Fitness model. Hybrid athlete. Entrepreneur. Mother.
Ashley Horner, 36, wears many different hats, and with them all one thing is consistent: her passion.
And add one other hat, philanthropist, for the woman who ran for 40 hours straight one weekend this month to raise money for an orphanage in Haiti.
Horner grew up on a ranch in Oklahoma and relocated to Virginia Beach five years ago.
“I always had an athletic background with gymnastics and playing soccer when I was younger,” Horner said. To satisfy her competitive nature, Horner got into fitness competitions, including ultra-events, which led to her modeling career.
“I just kept wanting to find something else that would challenge me,” she said.
But, through each professional experience — fitness celebrity, magazine covers, endorsement deals, and dealing with her finances — Horner said she was eager to dig deeper.
Horner is the mother of three sons, Tripp, 13, Cash, 11, and Otto, 5, runs three businesses and has a nonprofit organization.
She opened American Brew on Shore Drive in Virginia Beach in 2016, and relocated the coffee/whiskey bar and restaurant a year later to its current location on East Stratford Road, which is off Shore Drive near the Lynnhaven Inlet.
“I didn’t know anything about the restaurant industry. I’ve had to learn as I continued on,” Horner said. “It’s been a lot of fun and I’m actually looking to open up my second location early in 2021.”
Although times have been tough during the pandemic, Horner said that when it hit she quickly reevaluated the business’s operation system and kept the doors open.
“I knew that my staff depended on me for their income,” she said. “Within a matter of four days we flip-flopped operations. I did whatever I had to do to keep American Brew open.”
The restaurant’s team of 10 rallied and continues to thrive in the community-focused business.
“You talk about overcoming adversity — which is what I’m all about — they really did that and they did an outstanding job,” Horner said.
She also owns and operates Valkyrie Surf and Snow, a small online clothing company she opened in 2016 dedicated to the active female.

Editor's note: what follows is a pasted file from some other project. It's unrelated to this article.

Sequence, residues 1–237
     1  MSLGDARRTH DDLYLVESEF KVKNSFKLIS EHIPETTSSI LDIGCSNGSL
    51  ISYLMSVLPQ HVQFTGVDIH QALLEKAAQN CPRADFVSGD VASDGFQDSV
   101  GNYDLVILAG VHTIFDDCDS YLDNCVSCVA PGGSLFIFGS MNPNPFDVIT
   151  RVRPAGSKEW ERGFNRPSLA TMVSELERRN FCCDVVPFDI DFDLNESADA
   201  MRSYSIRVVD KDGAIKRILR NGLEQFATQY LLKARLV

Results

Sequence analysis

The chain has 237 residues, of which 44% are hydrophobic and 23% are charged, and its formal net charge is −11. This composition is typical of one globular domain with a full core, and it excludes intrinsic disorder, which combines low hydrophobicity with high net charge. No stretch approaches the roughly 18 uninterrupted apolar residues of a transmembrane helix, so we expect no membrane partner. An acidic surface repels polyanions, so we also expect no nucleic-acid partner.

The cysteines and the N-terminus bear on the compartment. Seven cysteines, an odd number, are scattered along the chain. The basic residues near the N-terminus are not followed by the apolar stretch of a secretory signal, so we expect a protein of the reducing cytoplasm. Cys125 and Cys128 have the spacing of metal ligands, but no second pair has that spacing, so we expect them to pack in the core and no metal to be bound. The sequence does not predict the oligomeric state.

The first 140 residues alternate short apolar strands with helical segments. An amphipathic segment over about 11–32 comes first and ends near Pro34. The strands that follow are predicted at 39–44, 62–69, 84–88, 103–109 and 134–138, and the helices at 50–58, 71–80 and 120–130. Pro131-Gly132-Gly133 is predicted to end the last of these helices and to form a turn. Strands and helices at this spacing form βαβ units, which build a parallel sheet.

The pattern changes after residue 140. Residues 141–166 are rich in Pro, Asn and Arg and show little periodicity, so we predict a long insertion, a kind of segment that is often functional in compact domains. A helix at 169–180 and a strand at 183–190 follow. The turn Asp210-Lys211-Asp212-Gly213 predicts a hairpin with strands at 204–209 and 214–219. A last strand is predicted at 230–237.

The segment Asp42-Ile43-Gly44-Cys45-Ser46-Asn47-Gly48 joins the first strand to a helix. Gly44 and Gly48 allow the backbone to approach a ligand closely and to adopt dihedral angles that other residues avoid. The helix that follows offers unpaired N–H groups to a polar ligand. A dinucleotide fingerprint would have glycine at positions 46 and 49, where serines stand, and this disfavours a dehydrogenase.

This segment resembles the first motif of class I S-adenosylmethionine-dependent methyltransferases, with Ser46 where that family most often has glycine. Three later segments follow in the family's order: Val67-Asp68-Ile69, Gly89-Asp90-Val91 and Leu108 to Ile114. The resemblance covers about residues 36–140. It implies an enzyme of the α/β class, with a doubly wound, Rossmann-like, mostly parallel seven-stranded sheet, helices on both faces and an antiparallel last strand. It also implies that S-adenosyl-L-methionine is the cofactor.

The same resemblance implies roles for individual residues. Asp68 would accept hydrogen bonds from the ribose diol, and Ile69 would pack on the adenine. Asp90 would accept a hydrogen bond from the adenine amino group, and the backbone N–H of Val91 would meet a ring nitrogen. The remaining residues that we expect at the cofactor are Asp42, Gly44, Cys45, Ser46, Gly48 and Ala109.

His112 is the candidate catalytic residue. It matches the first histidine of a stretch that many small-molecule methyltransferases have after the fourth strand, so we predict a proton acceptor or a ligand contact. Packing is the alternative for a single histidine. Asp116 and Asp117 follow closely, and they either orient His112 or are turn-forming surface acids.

With two employees handling the sales, Horner said she might eventually move it to a brick-and-mortar business.
“My overall mission is to empower women. I think it’s really important for women to find beauty and strength within themselves,” she said.
Horner opened American Screen Printing in 2018 purely because she decided she wanted to eliminate the “middleman” and print her apparel herself.
Originally focused on printing for her companies, projects and events, the business has seen rapid growth and now prints for others in town.
She is getting ready to move the business to the Railroad District in Norfolk and will be hiring several more employees.
Eager to help others, Horner started the Unbroken Foundation in 2013. The organization helps battered women and children through its donation-based program.
In July, she started recording her own podcast, “Reborn.” The weekly recordings focus on living a healthier and more fulfilling life.
As if all of her endeavors aren’t enough to satisfy her desires, Horner also uses her own stamina and resilience to raise awareness and help others.
“I learned that whenever I use my athletic abilities in the platform I have to give back to others in need —that is what defines success for me,” Horner said.
She once rode her bicycle from Virginia Beach to Oklahoma City, pedaling 1,300 miles in 13 days, to raise $6,000 for St. Jude Children’s Research Hospital.
In 2017, she raised $90,000 for the Maison Fortune Orphanage by running the border of Haiti — a trek of about 230 miles.
When the pandemic forced the cancellation of a run planned for Haiti, Horner moved it to Virginia Beach. She ran 40 hours straight the weekend of Nov. 6 to raise money for the orphanage.
Half the run was on the track at Joint Expeditionary Base Little Creek-Fort Story and the other half took her down Shore Drive to the Virginia Beach Oceanfront and the Cape Henry trail.
She said she covered just three miles shy of 100 miles, drinking more than eight gallons of water and burning 13,000 calories.
To date, she has raised approximately $13,000 from her latest undertaking. Donations can still be made via ashleyhorner.co.
Fueled by passion, Horner said the “grind days” don’t seem difficult to her especially because she feels driven to hit milestones and learn new things.
“It keeps it fun,” she said.
But, as a mother and business owner, Horner stressed the importance of time management.
“I always wake up before the family wakes up so I can get work done,” she said. “It’s also just as important to learn to turn it off and be present with my family.”
Horner said it’s not uncommon for her sons to accompany her to American Brew to have them break down boxes, pick up trash and other basic things while they learn the responsibilities associated with business ownership.
“But, also we get to be together,” she said.
And through it all, Horner always makes time to get a workout in — whether she’s training for a specific endeavor, which kicks it into a higher gear — or maintaining her regular routine.
“My training is my therapy time. Even if work is really busy, training for 30 minutes a day helps relieve stress,” she said.
With all that she has accomplished and all of her successes, Horner said she is still at the beginning and feels there is so much more yet to be done.
“If I can leave the legacy to my boys about giving back to others,” she said, “then that is success.”
Sandra J. Pennecke, 757-652-5836, [email protected]
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